Everything You Need to Know About Lally Columns

Marwa Hasan
Written by Marwa Hasan
Updated January 10, 2022
 living room dining area with column
Photo: Iriana Shiyan / Adobe Stock

Highlights

  • Lally columns are a simple structural solution to support big loads

  • Knocking a wall down is doable with temporary Lally columns

  • Installing Lally columns starts at $2,500

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Whether you’re tearing down a load-bearing wall or solving a sagging flooring problem, a Lally column offers a temporary or permanent solution to hold up structural weight. Learn more about what a Lally column is and how its straightforward design can fortify your home from the basement up.

What Is a Lally Column? 

A Lally column (or a jack post) is a thin, round steel pipe—often found in the basement—to support beams extending over long spans and to prevent any structural problems from occurring. Lally columns are used to correct saggy floors or beams and for additional fortification when remodeling a wall or entryway.

Lally columns also offer a simple and minimalistic look that fits modern home design.

What Are the Benefits of Jack Posts?

Lally posts act as an easy and effective solution for structural quandaries, like faulty floors above crawl spaces and basements. They can also repair squeaky floors, which don't have adequate support from the subfloors. This type of post is quick to install and is easy to cut to size because of its thin steel material.

How Do Lally Columns Work?

Lally columns or jack columns can range in height from about 1 foot to 12 feet or more. Columns that are shorter in height are able to withstand greater loads; Lally columns are sometimes filled with concrete to provide extra strength. They can support permanent structural loads of up to 60,000 pounds.

How to Install a Lally Column?

If you’re repairing a flooring problem or knocking down a wall, you’ll probably need to install some Lally columns, permanently or temporarily. Here are the steps included in Lally column installation:

Preparing the Report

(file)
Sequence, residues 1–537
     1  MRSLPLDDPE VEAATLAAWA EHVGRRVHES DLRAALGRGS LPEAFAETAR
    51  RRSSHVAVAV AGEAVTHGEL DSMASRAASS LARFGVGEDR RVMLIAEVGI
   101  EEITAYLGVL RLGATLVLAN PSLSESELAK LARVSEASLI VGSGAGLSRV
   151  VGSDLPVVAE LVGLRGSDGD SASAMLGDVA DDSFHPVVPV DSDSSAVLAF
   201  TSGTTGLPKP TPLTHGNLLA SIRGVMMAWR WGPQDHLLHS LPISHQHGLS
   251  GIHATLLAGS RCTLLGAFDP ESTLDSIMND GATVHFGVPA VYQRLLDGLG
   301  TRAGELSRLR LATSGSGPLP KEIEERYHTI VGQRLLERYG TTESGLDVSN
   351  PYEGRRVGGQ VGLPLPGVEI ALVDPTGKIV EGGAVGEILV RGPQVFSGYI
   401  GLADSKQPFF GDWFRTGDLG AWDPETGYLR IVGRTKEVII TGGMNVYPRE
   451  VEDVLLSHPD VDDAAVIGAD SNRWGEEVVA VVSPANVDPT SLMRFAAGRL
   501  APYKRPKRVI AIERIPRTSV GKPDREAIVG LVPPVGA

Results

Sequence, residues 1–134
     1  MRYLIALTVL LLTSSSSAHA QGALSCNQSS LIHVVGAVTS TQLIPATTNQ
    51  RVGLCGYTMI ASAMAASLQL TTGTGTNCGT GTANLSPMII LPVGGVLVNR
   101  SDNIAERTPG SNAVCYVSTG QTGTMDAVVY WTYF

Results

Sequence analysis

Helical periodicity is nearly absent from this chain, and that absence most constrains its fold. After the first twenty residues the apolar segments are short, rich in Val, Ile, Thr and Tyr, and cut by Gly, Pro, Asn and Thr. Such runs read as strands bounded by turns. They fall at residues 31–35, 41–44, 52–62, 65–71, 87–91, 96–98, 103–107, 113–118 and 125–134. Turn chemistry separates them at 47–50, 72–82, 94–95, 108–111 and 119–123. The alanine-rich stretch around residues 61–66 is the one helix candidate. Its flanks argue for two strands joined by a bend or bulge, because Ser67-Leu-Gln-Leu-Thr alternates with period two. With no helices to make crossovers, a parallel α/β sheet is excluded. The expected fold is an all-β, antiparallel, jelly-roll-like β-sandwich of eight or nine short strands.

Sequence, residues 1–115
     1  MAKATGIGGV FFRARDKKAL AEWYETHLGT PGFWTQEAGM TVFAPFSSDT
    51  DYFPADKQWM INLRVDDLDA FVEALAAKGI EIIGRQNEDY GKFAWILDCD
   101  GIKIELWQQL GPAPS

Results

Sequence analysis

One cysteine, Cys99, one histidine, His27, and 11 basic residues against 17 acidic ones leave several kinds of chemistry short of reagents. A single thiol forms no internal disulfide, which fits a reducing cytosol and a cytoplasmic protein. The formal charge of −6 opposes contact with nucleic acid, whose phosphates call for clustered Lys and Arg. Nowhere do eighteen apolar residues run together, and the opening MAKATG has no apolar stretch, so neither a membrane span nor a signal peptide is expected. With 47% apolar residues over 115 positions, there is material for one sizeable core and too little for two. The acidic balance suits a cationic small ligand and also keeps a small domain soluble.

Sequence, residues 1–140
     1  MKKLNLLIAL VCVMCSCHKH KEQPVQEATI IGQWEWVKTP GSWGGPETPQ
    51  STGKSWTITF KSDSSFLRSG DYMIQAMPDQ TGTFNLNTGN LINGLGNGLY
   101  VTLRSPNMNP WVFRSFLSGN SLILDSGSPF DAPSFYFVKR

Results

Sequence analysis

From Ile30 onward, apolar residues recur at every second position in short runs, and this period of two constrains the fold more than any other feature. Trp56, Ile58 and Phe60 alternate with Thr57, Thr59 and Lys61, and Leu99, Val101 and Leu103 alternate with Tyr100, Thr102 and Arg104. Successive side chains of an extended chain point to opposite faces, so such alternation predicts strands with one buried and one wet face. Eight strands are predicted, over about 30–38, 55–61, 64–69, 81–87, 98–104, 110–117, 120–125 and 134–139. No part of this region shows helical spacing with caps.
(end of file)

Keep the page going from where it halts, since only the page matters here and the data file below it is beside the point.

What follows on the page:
A structural engineer will provide a report with the support your roof needs, which will determine the Lally column’s size, footing, and the number of columns on a certain span. 

Obtaining the Permit

Installing permanent Lally columns will likely need a building permit and an inspection. Your basement contractor should be able to help you file and obtain the necessary permit.

Setting up the Footing

A Lally column must be attached to the floor, so a contractor will dig down and pour concrete to form the footing. The footer should be at least 2-feet-by-2-feet in size and 12 inches deep. The footing must cure for at least a week before placing the new post.

Placing the Lally Column 

Lally columns can be set up in place of a wall to keep the house structurally sound or fix a sagging beam. Based on the structural engineer report, your contractor can determine the correct size, number, and position of Lally columns.

The contractor should prime and finish the Lally columns before installing them on top of the footings. Some columns are adjustable to allow height modifications. A machine screw-on top or bottom of the column will hold the column tightly in place.

How Much Does a Lally Column Cost? 

Installing a Lally column starts at $2,500. The price depends on many factors, such as basement condition, structural support, and the condition of the existing beams.

What Are the Types of Lally Columns?

Lally columns typically range from 3 feet to 14 feet long. They also come in different types and materials, depending on their function.

Lally Columns Materials

Temporary Lally columns typically use hollow steel. A contractor will fill a steel column with concrete when the column needs to carry a heavy load and stand up to long-term deformation.

Adjustable vs. Non-Adjustable Lally Column

Adjustable Lally columns are usually hollow and act as temporary columns. Adjustable Lally columns consist of two steel tubes that fit together and can be adjusted—up or down—to carry the weight of an unsupported joist or beam. Foundation repair projects often use this type of post. 

Non-adjustable Lally columns are made of steel and typically cut to fit the needed length.

Permanent vs. Temporary Lally Columns

Temporary columns are used to brace the joists of the floor above when removing a wall. Permanent columns are installed under a house, in the crawlspace or basement, to support the structure.

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